LEADERS across the region are calling for a major shake-up of the country’s care system – which they say is not achieving the best outcomes for children and families.

A report on children’s social care, carried out by the directors of children’s services at 12 North East councils, says significant change is needed to alleviate “unsustainable pressure” on services.

The directors say that the daily challenges of providing social care are felt acutely in the region where there are high numbers of children in care and shocking levels of poverty and deprivation.

They are asking the Government for a joined-up national policy agenda to address child poverty – and to make it a core component of the levelling-up agenda – and for better funding for all parts of the care system.

John Pearce, chair of the North East Association of Directors of Children’s Services, said: “Endemic poverty in many of our communities, together with a shortfall in funding, is driving dramatic increases in the need for intervention through children’s social care. We know these issues are not unique to our area, but they are being felt particularly strongly in the North East due to deep-rooted socio-economic disparities.

“Family networks are very much valued in our region and there is a strong sense of community but, nevertheless, many residents are affected by longstanding and significant levels of inequality and disadvantage.

“The numbers of children needing care are unsustainable and a different pattern of care is the only solution. We must address system-wide barriers so that our frontline staff have the capacity to build strong relationships with children and their families to support meaningful change.”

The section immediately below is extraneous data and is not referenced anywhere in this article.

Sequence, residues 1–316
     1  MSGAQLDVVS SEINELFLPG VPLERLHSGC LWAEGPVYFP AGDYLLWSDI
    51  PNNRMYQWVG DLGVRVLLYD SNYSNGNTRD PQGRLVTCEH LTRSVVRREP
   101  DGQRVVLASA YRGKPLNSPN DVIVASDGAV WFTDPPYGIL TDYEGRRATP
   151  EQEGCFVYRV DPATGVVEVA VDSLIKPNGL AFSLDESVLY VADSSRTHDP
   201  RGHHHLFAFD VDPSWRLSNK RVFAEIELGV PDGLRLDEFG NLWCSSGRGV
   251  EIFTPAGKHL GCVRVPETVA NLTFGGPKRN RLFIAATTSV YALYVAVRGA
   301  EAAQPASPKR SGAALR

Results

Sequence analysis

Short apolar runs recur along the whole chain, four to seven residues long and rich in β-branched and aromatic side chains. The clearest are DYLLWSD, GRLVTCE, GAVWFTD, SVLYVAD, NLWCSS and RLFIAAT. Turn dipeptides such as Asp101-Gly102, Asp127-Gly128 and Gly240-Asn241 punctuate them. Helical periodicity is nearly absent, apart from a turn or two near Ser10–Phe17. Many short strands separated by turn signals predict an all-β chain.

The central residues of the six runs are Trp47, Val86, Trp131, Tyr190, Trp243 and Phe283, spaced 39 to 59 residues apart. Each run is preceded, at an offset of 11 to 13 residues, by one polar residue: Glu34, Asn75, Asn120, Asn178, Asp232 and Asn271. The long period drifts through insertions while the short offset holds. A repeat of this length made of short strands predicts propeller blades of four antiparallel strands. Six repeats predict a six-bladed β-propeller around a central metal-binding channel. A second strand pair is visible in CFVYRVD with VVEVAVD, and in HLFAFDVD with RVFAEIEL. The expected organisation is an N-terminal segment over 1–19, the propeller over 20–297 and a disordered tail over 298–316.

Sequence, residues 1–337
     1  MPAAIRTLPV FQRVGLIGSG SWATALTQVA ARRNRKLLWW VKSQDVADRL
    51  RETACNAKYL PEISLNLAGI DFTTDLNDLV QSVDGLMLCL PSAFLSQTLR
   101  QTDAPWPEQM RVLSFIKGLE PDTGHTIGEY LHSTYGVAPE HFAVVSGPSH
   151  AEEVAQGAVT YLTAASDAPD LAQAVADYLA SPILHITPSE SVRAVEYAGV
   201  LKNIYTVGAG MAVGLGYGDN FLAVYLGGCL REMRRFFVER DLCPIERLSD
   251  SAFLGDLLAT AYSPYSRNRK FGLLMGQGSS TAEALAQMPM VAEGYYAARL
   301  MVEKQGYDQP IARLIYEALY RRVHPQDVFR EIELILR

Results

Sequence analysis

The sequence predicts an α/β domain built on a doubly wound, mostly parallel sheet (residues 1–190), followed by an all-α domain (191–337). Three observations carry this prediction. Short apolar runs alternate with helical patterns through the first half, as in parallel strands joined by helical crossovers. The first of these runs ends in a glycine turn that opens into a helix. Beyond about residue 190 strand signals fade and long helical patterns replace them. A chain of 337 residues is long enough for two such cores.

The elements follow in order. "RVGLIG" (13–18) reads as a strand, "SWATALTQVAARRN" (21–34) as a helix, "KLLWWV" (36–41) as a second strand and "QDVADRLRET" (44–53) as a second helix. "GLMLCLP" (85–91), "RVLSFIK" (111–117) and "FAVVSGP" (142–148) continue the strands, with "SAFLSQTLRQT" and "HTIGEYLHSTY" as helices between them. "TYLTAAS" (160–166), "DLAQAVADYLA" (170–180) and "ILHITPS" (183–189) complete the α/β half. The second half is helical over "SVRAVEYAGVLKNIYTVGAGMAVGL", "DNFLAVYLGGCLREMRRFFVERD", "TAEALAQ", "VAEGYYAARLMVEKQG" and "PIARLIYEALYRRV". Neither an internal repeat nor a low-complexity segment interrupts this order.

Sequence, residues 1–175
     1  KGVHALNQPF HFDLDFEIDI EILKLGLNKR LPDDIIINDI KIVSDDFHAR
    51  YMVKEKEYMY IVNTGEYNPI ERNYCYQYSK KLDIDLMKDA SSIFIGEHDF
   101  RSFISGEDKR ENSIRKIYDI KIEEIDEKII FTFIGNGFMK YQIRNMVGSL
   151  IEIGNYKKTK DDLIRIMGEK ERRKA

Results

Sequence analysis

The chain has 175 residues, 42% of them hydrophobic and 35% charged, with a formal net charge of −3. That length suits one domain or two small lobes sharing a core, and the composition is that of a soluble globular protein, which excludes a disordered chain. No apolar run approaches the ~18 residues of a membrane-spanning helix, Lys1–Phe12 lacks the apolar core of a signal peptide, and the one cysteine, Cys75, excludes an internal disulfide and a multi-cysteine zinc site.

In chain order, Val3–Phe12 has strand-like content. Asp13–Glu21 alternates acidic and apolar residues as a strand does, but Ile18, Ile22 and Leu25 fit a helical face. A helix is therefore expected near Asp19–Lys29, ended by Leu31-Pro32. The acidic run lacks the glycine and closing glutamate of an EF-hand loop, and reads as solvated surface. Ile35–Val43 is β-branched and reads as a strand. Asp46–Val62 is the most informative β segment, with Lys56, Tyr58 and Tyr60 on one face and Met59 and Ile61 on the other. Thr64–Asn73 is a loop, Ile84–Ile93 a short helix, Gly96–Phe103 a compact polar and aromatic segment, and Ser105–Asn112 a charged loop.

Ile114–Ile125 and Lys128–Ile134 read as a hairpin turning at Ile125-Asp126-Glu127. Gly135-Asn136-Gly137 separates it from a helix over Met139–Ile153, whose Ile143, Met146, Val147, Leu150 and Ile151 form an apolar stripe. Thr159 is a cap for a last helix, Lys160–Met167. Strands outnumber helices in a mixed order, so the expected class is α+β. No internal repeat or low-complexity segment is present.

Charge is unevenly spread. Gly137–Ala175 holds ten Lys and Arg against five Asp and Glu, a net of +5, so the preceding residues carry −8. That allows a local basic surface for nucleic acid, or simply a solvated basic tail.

Extensive research shows a clear correlation between deprivation and the level of need for social care support.

The North East has consistently had the highest rates of statutory social care involvement of the English regions, including the highest rates of Children in Care, Child Protection Plans and Children in Need.

At the same time, the rate of Children in Care in the region increased by 77 per cent between 2009 and 2020 compared to a national average of 24 per cent, and all 12 North East local authorities now have a Children in Care rate that is above the national average.

Even before the pandemic, the picture in the region was deteriorating markedly, with the region experiencing the steepest increase in relative child poverty between 2014/15 and 2019/20.

The calls are made as the North East Regional Care Report, which will feed into the Government-commissioned Independent Care Review, is published today.

The report not only looks at the daily challenges faced by local authorities, the impact they have on children and their families but also makes recommendations for system-wide change.

It identified a capacity for improvement and points to innovative practice already in place in the region – with three of the 12 local authorities recognised for their high-quality practice as Sector Led Improvement Partners of the Department for Education.

Mr Pearce, of Durham County Council, added: “Our report describes the vital importance of partnership working with health services, the police and schools, and shows that working more closely within our local communities, we can make sure families get the help they need sooner in order to prevent problems from escalating. We believe investment in social regeneration should be central to the government’s ‘levelling up’ agenda.

“As local authorities, we are working at the frontline of the care system, so are in a unique position to add a first-hand perspective to the Independent Care Review, not only providing an understanding of the current situation, but also offer solutions to the issues raised.

“Here in the North East, we have a shared sense of purpose, a real passion for what we do and a strong collaborative approach which, we believe, can help us bring about a radical change in ways of working.

“We believe we can make a powerful contribution to the national debate and inform national thinking.”